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Why Parents Television Council president says Hollywood shouldn’t ‘sex up’ family content

POSTED September 22, 2017 6:01 a.m.
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Hulu and Netflix are celebrating big wins from last weekend’s Emmys. But although they won many of the night's top awards, not everyone is happy about their content.

“When I saw the (Emmy) results, it seemed like there should have been a sign that came with it that said ‘Families not welcome,’” said Parents Television Council President Tim Winter in a phone interview with the Deseret News.

Winter said he hopes both Netflix and Hulu add more family programming to account for the millions of people who want such content.

“Given the Emmy awards success that Hulu and Netflix had, we urge those streaming services to invest more into high-quality content that the entire family — not just mature audiences — can watch,” Winter said in a statement. “By only obsessively focusing on dark, edgy and explicit content, they are restricting their own financial success.”

Winter said it would be a good business move for these companies to produce more movies and TV shows the whole family can watch.

He said Netflix, Hulu and Amazon are “ignoring” all of those who “don’t want to have the other explicit stuff.”

“My concern is when you have high-quality, adult-themed entertainment, it can be financially successful,” he said. “When you have high-quality family entertainment, financially speaking, it is extraordinarily successful.”

Winter said box office numbers show there’s an appetite for family friendly material.

Indeed there is. The highest-grossing movie of 2017 so far has been “Beauty and the Beast,” a PG-rated film that earned $504 million at the box office, according to Box Office Mojo.

Meanwhile, “Wonder Woman” and “Guardians of the Galaxy Vol. 2” (both rated PG-13) were close behind, with $411.4 million and $389.8 million earned.

“Despicable Me 3” is ranked at No. 5 for the year with $261.1 million, and “The Lego Batman Movie” is ranked at No. 10 with $175 million, according to Box Office Mojo.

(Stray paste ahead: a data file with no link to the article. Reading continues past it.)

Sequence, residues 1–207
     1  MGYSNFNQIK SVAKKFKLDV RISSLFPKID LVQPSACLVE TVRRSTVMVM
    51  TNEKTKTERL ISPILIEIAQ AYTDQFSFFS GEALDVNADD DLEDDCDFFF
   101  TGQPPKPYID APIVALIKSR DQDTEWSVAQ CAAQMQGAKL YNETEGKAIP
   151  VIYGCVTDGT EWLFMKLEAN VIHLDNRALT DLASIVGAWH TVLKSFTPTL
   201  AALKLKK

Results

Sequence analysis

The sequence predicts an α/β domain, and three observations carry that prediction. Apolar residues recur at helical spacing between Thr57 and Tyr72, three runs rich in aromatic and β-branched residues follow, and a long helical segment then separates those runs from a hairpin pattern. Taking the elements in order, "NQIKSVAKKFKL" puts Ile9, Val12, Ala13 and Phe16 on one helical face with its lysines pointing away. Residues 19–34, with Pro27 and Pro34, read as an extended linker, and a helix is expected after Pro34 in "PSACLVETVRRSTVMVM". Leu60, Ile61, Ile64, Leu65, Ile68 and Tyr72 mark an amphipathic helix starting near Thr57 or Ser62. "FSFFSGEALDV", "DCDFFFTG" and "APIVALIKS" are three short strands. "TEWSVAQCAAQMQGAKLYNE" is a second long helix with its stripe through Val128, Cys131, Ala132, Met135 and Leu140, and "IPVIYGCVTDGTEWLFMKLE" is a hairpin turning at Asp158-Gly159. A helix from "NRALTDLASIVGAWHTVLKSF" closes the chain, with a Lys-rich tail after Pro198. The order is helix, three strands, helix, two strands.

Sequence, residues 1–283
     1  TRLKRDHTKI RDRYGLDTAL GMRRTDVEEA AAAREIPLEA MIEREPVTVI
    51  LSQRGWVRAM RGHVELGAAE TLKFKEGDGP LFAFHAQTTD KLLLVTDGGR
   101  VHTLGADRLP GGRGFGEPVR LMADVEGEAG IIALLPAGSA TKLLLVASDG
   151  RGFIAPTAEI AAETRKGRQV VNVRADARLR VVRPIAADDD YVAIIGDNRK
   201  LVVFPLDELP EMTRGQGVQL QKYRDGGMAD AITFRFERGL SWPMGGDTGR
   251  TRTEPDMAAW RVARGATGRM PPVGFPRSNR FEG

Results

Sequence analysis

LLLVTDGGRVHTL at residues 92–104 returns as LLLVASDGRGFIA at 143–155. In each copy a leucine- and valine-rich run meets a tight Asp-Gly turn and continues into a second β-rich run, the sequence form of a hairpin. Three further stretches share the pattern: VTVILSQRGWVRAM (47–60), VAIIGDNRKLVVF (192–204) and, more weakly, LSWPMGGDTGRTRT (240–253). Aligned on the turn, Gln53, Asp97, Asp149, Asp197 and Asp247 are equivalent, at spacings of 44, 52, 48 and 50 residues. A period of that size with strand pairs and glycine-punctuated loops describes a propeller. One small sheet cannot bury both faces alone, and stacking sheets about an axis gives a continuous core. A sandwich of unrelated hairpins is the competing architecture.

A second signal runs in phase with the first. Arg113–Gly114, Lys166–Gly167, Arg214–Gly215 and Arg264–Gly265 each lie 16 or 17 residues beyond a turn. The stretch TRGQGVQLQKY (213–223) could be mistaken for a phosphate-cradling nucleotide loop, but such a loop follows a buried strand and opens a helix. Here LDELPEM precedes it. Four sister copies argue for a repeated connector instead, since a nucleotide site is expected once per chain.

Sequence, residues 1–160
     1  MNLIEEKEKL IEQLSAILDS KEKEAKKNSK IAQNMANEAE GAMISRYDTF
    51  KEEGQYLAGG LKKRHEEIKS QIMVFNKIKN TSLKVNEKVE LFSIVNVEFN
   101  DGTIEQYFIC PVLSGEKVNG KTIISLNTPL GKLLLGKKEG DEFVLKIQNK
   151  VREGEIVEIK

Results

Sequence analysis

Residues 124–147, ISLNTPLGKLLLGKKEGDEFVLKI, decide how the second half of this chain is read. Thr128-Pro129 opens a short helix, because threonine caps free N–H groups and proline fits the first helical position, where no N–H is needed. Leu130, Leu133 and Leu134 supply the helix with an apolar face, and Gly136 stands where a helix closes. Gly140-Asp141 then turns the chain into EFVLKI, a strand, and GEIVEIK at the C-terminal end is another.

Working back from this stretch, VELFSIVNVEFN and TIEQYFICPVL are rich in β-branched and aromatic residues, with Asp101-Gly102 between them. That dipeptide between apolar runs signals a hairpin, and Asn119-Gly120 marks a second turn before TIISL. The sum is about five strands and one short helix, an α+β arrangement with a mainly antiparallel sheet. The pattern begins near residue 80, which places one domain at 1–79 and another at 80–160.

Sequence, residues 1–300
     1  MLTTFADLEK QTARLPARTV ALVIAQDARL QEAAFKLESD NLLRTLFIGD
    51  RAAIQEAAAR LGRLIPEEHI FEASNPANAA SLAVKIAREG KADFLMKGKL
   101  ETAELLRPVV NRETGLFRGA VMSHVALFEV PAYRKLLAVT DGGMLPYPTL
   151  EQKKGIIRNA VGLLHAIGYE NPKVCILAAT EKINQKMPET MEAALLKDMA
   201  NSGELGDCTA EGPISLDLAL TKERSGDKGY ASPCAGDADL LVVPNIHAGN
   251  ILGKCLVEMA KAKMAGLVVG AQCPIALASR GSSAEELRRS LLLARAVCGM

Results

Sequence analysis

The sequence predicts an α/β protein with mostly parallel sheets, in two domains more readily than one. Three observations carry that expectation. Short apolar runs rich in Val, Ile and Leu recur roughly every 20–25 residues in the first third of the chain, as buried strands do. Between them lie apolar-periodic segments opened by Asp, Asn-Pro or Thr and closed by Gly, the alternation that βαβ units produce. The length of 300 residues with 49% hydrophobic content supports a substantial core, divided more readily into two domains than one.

Instead of building new franchises, show creators are showing a tendency now to take older shows and bring them back with an edgier tone, Winter said.

He pointed to Netflix original “Fuller House” as an example. Its predecessor, “Full House,” was family friendly and clean. This new show features drinking, clubbing and sexual humor.

He said it’s an example of the creative community taking an older, trusted franchise and naming it “family programming” despite its saltier language, sexual innuendos and edgy plot.

“That’s not the way to do it. You don’t need to ‘sex up’ ‘Full House’ in order to make ‘Fuller House,'" he said.

He also pointed to “Once Upon a Time” as a show that took a family friendly idea — Snow White and her experiences with the seven dwarfs — and made it darker and edgier.

So what does good family programming look like? Winter pointed to the CBS show “Blue Bloods” — a crime drama that focuses on a family of police officers in New York.

“Here’s a show that is about police officers, crime-solving,” Winter said. “It’s a very powerful drama, and yet they produce it in a way so as there’s no shock value for the sake of shock value. It’s heartwarming, it’s powerful, it’s compelling, it’s fun to watch.”

Winter and the PTC picked some of the top family programs debuting on TV this fall, with the new CBS show “Me, Myself & I” topping the list. The show depicts a man’s life from when he was 14 to when he suffers a heart attack at 65.

“The PTC recommends this program as one for parents and children to watch — and discuss — together,” according to the PTC website.

For Winter, family programming “doesn’t have the elements of pandering to the lowest common denominator, always having to use profanity or sexually explicit dialogue to get a laugh,” he said.

Winter wrote to Netflix CEO Reed Hastings last week, calling for the network to develop its family programming.

He also called for Netflix to partner with ClearPlay and VidAngel, two services that filter out mature content to make viewing more family friendly.

But streaming services don’t have to rush to those partnerships, Winter said. Instead, he suggested Netflix and Hulu build high-quality content that can be watched by the whole family without filtering.

“Rather than producing stuff that we have to filter to consume as families, why not produce more that we don’t have to filter? Produce what appeals to a more mainstream audience across the nation,” Winter said.

Winter said there’s no way to know when there will be enough family friendly content. It’s not a distinct percentage or number of movies, but he does hope to see more.

“I don’t know if there’s a magical number that happens and then we say, 'All is well,'" Winter said. “The highest-grossing movies are the movies that are high-quality, high production value, but the family can enjoy together.”

He added, “We call on those in Hollywood and the creative community to create more of it.”

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